What To Do With Older Work
Storing old artwork can become a huge challenge, especially if you have built up many works over the years.
This can be the case even if you are only a hobby artist – what to do with all those learning brush strokes?
Studio space is at a premium, and every square inch that is taken up in storage, is a square inch that’s not available as work space. This is even more crucial if you don’t even have a dedicated studio space yet!
Idea #1 – Rotate Your Works – Including Older Ones In Current Inventory
- Sometimes older work didn’t sell, not because there was something wrong with it, but because it simply didn’t wasn’t in the right place at the right time to get a buyer.
- If your work is consistent over the years in terms of style, technique and quality, then rotating your art can be a viable option. The older work can be shown in galleries or at shows or at art festivals
- Make sure there is no date on it and no one may realize the work is older if you don’t tell them.
- Pay careful attention to the state of the work. Does it perhaps need to be touched up, given a new frame or is the backing getting a little tatty? Refreshing your older work in this way allows you to leverage your existing work to bulk up your inventory.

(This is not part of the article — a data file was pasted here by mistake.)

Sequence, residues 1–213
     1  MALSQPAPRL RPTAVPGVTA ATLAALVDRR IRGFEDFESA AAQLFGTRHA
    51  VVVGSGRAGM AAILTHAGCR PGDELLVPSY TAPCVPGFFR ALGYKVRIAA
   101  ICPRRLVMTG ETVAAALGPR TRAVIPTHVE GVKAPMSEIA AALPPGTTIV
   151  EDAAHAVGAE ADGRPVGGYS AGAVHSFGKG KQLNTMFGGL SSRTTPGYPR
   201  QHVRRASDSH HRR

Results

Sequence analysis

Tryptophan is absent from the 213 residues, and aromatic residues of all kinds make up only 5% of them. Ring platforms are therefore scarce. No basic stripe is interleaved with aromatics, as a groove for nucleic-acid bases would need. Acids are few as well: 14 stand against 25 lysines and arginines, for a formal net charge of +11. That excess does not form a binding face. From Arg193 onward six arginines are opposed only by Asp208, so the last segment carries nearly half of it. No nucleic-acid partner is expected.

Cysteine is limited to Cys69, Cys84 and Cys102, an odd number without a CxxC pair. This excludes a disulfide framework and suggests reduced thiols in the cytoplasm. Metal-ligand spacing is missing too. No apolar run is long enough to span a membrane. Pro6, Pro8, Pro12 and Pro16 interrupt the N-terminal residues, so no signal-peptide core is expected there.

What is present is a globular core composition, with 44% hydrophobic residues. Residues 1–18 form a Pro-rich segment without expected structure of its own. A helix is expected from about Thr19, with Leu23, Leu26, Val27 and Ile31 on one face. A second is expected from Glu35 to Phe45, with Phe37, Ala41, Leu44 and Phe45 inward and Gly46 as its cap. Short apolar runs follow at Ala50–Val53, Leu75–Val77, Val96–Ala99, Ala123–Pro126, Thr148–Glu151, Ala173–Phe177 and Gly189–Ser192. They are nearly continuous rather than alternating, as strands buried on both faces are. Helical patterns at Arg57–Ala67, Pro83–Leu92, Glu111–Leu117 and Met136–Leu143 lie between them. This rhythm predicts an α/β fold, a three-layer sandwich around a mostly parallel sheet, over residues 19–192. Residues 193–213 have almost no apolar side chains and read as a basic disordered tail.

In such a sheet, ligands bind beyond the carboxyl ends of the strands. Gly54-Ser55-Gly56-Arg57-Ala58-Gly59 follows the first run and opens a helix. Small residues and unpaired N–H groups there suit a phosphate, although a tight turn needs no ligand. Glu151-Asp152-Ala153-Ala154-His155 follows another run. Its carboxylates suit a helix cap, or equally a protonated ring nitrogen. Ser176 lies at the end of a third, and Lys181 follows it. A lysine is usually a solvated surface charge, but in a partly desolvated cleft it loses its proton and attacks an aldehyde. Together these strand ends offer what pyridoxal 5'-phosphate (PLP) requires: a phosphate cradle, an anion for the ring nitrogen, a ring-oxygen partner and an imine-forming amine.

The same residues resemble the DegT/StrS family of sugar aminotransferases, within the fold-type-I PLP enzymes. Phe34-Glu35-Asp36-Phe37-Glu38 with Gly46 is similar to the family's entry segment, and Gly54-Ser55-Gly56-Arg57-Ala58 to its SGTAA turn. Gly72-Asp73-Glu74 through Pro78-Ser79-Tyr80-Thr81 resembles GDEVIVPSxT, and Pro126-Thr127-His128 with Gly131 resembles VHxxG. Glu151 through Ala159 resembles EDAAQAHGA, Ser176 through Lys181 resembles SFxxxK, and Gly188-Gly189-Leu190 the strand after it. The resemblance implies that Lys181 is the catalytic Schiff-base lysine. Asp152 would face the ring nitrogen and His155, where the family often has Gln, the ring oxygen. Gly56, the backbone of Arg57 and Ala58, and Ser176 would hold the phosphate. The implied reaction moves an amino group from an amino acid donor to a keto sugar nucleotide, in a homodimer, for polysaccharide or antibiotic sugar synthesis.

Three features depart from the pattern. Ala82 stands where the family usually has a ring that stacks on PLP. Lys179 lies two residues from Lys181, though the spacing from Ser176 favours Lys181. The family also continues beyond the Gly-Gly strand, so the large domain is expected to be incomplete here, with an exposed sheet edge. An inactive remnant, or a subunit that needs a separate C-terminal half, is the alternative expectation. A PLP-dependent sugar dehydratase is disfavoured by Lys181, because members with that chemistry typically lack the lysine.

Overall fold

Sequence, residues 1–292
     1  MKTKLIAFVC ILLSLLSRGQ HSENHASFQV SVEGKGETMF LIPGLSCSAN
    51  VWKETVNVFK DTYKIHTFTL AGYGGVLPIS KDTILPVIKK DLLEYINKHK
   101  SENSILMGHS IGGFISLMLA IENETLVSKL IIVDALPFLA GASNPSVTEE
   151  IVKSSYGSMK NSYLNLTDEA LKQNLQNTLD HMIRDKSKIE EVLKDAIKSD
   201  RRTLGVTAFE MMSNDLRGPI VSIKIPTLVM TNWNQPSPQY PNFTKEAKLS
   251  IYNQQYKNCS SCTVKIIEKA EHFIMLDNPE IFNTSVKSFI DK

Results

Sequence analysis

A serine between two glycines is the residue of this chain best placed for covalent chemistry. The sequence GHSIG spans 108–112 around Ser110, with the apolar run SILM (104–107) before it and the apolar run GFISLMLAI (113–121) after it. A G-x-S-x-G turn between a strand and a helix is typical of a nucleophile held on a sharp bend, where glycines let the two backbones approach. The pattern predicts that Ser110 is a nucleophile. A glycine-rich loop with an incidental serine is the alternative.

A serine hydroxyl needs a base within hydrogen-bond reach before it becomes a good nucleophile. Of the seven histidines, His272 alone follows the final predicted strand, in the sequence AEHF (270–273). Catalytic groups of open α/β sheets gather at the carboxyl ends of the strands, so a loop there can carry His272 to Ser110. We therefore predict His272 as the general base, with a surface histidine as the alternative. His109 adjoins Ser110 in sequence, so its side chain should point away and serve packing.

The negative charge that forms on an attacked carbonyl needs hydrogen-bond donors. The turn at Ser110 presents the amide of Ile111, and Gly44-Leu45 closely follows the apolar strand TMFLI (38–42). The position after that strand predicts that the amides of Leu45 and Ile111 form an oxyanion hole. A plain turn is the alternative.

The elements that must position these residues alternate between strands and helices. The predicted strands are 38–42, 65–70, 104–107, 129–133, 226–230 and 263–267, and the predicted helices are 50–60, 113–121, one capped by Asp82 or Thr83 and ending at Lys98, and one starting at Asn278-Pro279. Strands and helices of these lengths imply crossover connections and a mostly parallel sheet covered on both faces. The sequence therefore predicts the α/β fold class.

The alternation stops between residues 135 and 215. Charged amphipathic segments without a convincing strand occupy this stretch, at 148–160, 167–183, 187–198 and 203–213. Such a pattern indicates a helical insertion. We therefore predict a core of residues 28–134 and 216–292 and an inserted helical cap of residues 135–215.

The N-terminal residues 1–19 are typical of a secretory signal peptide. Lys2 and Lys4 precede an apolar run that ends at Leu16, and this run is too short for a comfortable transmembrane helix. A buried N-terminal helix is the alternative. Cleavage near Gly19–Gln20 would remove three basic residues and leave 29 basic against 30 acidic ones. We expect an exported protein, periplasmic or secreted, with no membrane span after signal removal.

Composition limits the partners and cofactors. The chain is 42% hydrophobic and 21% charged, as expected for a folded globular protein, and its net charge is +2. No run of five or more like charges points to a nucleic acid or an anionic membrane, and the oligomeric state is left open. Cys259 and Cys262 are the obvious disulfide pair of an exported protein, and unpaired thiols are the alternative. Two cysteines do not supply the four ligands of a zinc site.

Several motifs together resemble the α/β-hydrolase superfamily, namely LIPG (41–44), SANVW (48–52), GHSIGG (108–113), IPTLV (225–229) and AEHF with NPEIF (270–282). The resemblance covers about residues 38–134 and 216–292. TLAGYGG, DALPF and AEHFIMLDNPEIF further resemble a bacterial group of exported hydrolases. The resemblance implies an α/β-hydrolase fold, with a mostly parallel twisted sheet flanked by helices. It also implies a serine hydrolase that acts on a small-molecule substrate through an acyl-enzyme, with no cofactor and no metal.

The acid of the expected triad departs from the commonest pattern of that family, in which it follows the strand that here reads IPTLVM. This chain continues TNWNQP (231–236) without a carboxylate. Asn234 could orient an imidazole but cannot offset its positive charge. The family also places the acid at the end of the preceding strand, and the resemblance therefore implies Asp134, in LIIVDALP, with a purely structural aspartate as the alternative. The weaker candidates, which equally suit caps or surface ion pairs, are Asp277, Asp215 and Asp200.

- Paying attention to older inventory can be particularly important if you have orders coming in for your work and you can’t fill them.
The Problems with This Approach
- You may find that your work has changed significantly since the older work was created. This means it may not be possible to show it with your newer work in current gallery spaces.
- In this case, introducing older work may make your body of work feel inconsistent, or it may call into question the quality of your newer work.
- Many artists pass through major changes in style, format, and even the medium they use over time. This can make it not feasible to reintroduce the older work.
- The other MAJOR thing to avoid at all costs would be to avoid sending a piece to a gallery that has already had the work. This would be a major blunder, unless of course they requested it. The only caveat to that would be if you had significantly reworked the piece.
I would like to acknowledge the expertise of Jason Horejs in the crafting of this article, as I have referenced his blog post of the same topic. I have only used some snippets of his post here. You can find much of interest for the marketing side of your art career, at his Red Dot Blog.
At a later date I will be posting more thoughts on this subject.
This Weeks Question: What are you doing with your old paintings? Do you have any ideas you would like to share?
Look For Next Thursday’s Post: What’s happening with the ShoreThyme Exhibition?